Another meaningful option to consider is using a theme for the visitation. If your loved one loved the color mint, when you put together the service announcement, ask people to wear that color to the visitation. Or include a refreshments table with mints, chocolate mint cookies, and mint-colored photo frames. For some, a color theme wouldn’t make sense, so consider alternative themes, like sports teams, favorite movies or books, country music, or anything else that reflects your loved one’s unique life.

4. Offer a Keepsake Token

A keepsake is something that family and friends can take home as a special reminder of a loved one. For example, if your loved one was a voracious reader, consider taking some of their books to the visitation with a note, saying, “Susan loved to read. Please take and read one of her books in honor of her memory.” You can do this with recipes, seed packets, postcards, collection items – almost anything! In this way, your loved one’s memory lives on in many homes and hearts.

Small pile of postcards

Questions to Help You Brainstorm

If you’re having trouble coming up with ideas, here are a few questions to help you brainstorm what you can do to personalize the visitation.

  • Did your loved one collect anything?
  • Were they passionate about a particular team, hobby, movie, book, or play?
  • Did they travel? Are there any photos or places they loved?
  • Were they artistic? If so, you could display completed projects.
  • Is there a particular color you associate with them?
  • Did they enjoy baking? Include their family-famous recipes as refreshments.

Hopefully, these questions will trigger some ideas for you and give you a good starting place for identifying ways that you can personalize the visitation to reflect your loved one’s individuality. And if you are feeling overwhelmed, speak with a funeral director. They have personalized many funerals during their career and can offer much-needed assistance when you just aren’t sure what to do next.

Man and woman standing at visitation, honoring a loved one's life

For additional inspiration, here are more articles about personalization that may help:

Man holding an open book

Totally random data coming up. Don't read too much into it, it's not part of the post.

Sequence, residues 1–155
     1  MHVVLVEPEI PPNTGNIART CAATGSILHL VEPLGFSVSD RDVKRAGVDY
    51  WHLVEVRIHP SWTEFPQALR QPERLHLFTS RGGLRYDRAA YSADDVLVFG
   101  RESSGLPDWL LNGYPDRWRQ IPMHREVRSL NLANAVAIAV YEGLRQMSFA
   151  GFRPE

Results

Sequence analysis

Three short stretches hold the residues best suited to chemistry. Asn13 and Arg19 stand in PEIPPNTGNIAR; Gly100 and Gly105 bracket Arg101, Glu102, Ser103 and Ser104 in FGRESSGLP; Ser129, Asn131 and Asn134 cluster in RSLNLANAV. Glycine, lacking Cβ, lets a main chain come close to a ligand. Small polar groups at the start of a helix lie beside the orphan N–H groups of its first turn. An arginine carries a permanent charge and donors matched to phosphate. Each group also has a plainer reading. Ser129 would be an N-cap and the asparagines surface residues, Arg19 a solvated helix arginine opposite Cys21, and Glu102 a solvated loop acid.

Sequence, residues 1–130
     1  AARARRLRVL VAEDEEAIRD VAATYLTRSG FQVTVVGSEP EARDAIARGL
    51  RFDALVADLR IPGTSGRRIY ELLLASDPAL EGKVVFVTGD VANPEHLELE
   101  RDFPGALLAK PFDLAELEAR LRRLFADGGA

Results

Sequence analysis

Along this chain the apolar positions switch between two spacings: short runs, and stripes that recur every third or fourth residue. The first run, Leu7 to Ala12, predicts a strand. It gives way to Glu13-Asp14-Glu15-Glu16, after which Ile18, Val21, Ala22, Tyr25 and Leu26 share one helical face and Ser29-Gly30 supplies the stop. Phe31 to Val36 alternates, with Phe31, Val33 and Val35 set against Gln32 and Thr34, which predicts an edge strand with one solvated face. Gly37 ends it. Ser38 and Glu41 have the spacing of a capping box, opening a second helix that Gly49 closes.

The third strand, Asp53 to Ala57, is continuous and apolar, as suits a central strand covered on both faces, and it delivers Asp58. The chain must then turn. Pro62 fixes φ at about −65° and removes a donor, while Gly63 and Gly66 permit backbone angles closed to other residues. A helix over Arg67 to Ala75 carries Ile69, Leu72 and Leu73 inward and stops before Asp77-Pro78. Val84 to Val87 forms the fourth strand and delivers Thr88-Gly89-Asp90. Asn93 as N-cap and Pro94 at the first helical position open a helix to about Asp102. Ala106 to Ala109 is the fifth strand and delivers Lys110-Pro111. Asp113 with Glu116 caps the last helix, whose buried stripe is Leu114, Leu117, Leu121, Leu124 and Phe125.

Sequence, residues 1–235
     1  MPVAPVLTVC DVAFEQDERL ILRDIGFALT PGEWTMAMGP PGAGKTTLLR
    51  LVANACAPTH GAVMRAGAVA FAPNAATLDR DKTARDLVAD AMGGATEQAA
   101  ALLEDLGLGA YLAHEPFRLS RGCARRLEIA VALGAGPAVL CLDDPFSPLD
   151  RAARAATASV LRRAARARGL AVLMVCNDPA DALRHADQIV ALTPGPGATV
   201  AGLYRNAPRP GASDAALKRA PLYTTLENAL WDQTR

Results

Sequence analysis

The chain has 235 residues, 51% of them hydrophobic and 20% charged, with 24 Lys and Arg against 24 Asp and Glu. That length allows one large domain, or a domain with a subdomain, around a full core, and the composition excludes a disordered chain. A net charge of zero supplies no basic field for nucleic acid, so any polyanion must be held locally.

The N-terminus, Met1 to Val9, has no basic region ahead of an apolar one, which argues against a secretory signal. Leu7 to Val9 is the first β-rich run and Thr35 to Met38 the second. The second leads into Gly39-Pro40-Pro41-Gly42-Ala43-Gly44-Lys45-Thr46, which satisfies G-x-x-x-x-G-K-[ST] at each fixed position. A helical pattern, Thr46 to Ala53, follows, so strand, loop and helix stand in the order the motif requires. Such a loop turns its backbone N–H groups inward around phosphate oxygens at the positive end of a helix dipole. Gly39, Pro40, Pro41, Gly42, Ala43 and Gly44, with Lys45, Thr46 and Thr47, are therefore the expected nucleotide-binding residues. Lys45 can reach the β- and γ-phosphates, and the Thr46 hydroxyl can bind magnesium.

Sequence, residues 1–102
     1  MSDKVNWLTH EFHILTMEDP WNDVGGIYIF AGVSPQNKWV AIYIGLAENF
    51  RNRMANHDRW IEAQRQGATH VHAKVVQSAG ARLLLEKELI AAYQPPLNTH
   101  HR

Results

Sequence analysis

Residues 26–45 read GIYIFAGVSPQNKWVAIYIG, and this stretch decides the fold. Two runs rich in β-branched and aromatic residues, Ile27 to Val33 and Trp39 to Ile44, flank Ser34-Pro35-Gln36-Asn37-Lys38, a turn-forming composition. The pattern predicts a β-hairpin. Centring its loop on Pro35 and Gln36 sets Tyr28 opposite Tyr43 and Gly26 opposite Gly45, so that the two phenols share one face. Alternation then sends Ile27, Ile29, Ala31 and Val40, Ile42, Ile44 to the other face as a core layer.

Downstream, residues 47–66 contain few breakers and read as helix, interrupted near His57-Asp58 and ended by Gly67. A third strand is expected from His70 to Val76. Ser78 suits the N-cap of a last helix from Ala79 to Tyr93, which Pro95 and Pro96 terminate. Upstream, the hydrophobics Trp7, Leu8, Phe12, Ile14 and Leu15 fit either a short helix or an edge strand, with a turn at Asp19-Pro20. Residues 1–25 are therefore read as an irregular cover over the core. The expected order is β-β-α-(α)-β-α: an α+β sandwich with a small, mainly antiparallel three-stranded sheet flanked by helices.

How to Personalize Readings at a Funeral

By Educational, Explore Options, Meaningful Funerals, Personalization, Planning Tools

The funeral is a time to truly honor and remember a loved one’s life, but how can you personalize the service to reflect that special person’s personality, preferences, interests, and uniqueness? According to Dr. Alan Wolfelt, nationally respected grief counselor and author, there are 7 distinct elements to a funeral, and each one can be personalized. Today, let’s talk about how you can use readings to personalize a loved one’s final tribute and create an event that is truly special and meaningful.  

Open hardback book with blue spine

 First, Why Does Personalization Matter?  

I encourage you to slow down, take a deep breath and focus on what is really important—what is essential—about the funeral you are planning. What is essential is the life that was lived and the impact that life had on family and friends. To honor that unique life, the funeral must also be unique. Over and over, families tell me that the best funerals are those that are personalized.”  – Dr. Alan Wolfelt 

In a world focused on efficiency and getting things done as quickly as possible, the funeral is a moment to slow down and be thoughtful. When we do things too quickly, they can sometimes feel impersonal and hollow. That’s why personalization is key!  

A personalized service beautifully and lovingly honors life. It creates a sweet moment of remembrance, a time to say goodbye, a unique acknowledgement that a person’s life mattered in all the big and small ways. Now, let’s talk about readings and their vital role in personalizing a funeral or memorial service 

Man holding an open book

How to Personalize Readings at a Funeral

Readings are a way to invite mourners to express their emotions while also honoring the unique spirit of the one who has died. They add a deeper dimension to the service and allow you to engage together through the power of words. Sometimes, the right words don’t come to mind, but a book, a poem, or a verse can express the heart much more eloquently.

1. Recite quotes from favorite books, plays, poems, movies, or TV shows

When using literary or entertainment sources to personalize a service, consider what your loved one enjoyed. Did they love Emily Dickinson poems? Read a few. Did they regularly quote Star Trek or The Princess Bride? Take those quotes and turn them into a tribute. Is there a poem that has always reminded you of your loved one? Read the poem and share how it reflects that special person’s life or personality.

2. Include select passages from an appropriate holy book

For loved ones who lived out a deep faith, consider including select passages from the holy book they cherished. When a loved one dies, those left behind to mourn sometimes have a crisis of faith. They search for meaning and ask questions like, “What is the meaning of life?” “Should I do things differently?” “What happens next?” Faith can bring comfort when things feel out of control. Plus, including religious quotations can honor and respect that aspect of your loved one’s life.